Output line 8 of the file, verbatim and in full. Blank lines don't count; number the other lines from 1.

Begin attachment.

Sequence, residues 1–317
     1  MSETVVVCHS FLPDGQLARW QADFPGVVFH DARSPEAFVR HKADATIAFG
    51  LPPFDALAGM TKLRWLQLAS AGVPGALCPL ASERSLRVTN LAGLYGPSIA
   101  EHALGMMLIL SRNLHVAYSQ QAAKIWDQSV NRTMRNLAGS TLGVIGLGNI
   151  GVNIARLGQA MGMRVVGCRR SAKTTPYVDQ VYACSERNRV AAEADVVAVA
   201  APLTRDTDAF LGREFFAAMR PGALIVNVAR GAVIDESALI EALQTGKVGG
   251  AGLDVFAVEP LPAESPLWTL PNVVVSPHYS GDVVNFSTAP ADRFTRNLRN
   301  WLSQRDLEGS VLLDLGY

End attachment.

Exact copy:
   301  WLSQRDLEGS VLLDLGY